A new development policy for Australia presented an opportunity to reinvigorate a program that has lost its way amid the ambivalence, and occasional outright hostility, shown towards aid by successive conservative governments. A time for ambition, a bold statement of intent supported by fresh ideas and commitments.
Unfortunately, the policy announced earlier this month does none of these things. Instead, we are presented with a collection of buzzwords, promises to develop strategies on virtually every aspect of the program, and very little that is actually new.
The objective remains consistent. In 2014, it was to promote prosperity, reduce poverty, and enhance stability with an Indo-Pacific focus. In 2023, the objective endures – a peaceful, stable, and prosperous Indo-Pacific through sustainable development and lifting people out of poverty.
The aid program’s position within government has not changed. While the ‘all the tools of statecraft’ rhetoric suggests to some a repositioning of aid, it essentially consolidates the 2013 decision to align our diplomatic, trade, and development efforts. Development remains firmly subordinate to both defence and diplomacy.
Geographic focus remains constant, centring on the Indo-Pacific, as adopted in 2014. While retaining flexibility for global commitments back then, we’ve also maintained capacity to engage beyond the Indo-Pacific today – albeit only where it affects the region.
Strategic priorities remain largely unchanged. The 2014 and 2023 policies vary in tone and emphasis mirroring Australia’s political parties, yet both cater comprehensively. Encompassing everything from health to security, trade to social protection, disasters to private sector growth, they differ only in structure: the 2014 policy grouped under eight investment priorities, while the 2023 policy adopts four overarching focus areas.
There is little substantive change in our approach to reform. In 2014, we were going to create ‘a new aid paradigm’ through our focus on value for money, effective partnerships, innovation hubs and country led reforms. In 2023, we will be using new country plans, updated indicators, genuine partnerships and localisation. While these might appear ‘new’ or ‘different’ they all represent broad generalisations about what we know makes a good aid program without any tangible evidence about how we plan to resource and deliver them.
Claiming something is new is an art in the aid industry which is full of promises that are broken and then made again. It is an industry that has grown adept at co-opting buzzwords and concepts while actually maintaining the status quo.
Most commitments already exist in some form, so what is actually new?
The ambition to embed the perspectives of First Nations Australians into our development efforts is new and commendable, but Australia’s unresolved domestic position, clear in the debates over a constitutionally enshrined Voice, could undermine it. We are at risk of projecting our muddled domestic debate internationally, which would not do justice to First Nations Australians and could undermine us with partners, especially in the Pacific, where concerns regarding Aboriginal and Torres Strait Islander communities are deeply felt.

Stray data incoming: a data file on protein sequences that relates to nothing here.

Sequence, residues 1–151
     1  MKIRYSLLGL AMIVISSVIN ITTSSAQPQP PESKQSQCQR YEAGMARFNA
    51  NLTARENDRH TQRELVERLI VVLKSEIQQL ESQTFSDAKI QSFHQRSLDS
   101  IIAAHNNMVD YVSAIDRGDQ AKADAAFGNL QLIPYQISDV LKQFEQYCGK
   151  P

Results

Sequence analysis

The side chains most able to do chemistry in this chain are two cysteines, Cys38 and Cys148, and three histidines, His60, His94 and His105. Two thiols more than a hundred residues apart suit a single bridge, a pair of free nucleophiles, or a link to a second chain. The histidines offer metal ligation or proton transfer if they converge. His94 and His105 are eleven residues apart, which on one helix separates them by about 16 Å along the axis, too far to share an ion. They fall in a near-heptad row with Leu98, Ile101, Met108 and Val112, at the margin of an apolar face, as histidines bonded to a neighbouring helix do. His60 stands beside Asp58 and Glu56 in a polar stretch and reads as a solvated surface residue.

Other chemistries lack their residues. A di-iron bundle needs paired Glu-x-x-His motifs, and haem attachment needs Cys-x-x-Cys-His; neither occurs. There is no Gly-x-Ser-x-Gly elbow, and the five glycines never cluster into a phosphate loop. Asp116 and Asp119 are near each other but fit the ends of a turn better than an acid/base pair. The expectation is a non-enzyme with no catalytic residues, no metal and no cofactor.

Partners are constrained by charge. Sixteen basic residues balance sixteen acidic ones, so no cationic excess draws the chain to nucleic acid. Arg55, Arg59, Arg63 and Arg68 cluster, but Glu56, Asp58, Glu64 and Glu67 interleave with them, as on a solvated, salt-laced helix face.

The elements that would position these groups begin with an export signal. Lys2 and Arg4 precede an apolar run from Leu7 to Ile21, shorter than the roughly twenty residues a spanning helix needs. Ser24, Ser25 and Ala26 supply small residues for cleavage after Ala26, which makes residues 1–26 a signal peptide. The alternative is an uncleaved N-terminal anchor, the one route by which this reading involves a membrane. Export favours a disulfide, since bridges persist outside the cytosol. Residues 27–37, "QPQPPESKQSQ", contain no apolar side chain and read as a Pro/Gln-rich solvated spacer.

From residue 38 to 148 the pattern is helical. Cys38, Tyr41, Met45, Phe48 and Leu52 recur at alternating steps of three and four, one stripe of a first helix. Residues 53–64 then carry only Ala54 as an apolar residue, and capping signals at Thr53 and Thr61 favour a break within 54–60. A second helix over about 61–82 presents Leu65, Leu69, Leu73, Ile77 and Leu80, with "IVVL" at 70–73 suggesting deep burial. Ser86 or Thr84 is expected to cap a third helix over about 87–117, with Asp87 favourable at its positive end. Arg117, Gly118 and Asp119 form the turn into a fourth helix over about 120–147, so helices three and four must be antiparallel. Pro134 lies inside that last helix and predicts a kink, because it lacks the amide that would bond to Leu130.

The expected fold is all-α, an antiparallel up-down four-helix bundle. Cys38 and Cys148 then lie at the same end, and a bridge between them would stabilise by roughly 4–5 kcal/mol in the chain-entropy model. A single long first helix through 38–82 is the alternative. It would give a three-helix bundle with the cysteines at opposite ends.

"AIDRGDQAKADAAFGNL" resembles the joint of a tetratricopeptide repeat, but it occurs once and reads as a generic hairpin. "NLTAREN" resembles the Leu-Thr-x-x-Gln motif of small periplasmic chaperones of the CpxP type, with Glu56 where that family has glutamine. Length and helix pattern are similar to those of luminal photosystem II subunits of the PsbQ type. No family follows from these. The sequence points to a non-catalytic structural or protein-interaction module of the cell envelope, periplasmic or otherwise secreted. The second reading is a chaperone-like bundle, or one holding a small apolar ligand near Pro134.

New commitments to increase programming in gender and climate change are also commendable, but in the absence of any increase in real aid spending until at least 2036-37, they come at the expense of other programs. Countries in our region already view us with deep suspicion after it was revealed that the previous government’s ‘new’ climate initiatives didn’t translate into additional spending.
That we have largely maintained the status quo is unsurprising. Unlike the UK’s Minister for International Development who has outlined a bold proposal for a bipartisan white paper on aid that focuses on climate finance and the Sustainable Development Goals, DFAT’s terms of reference lacked that ambition. Instead of giving big independent thinkers an opportunity to propose something new, we worked with those well established in the Australian aid system.
The status quo will not make Australia a development partner of choice. This was the time, as Professor Michael Wesley had suggested, to seriously consider reversing the ‘machinery of government disaster’ that abolished AusAID in 2013 and re-establish a high functioning, separate aid agency. The establishment of a separate agency with ministerial support, staffed by development professionals, would introduce the contestability of ideas required to produce the world class policy and strategy to engage in a rapidly evolving geopolitical context.
An agency that both values and encourages debate across the whole of government with avenues for genuine participation in policy development and implementation that go beyond vague notions of ‘partnership’ would signal to our partners that we are serious in seeking to deepen our engagement and respect their input. It would allow our development agenda to be best advanced, as some experts have argued, in parallel to our geopolitical agenda, rather than subordinate to it.
In an international development landscape where the once big thinking bilateral agencies have been gutted and mismanaged into mediocrity, and a geostrategic context in which China is actively seeking to reshape the international aid architecture, Australia appears to have missed its moment.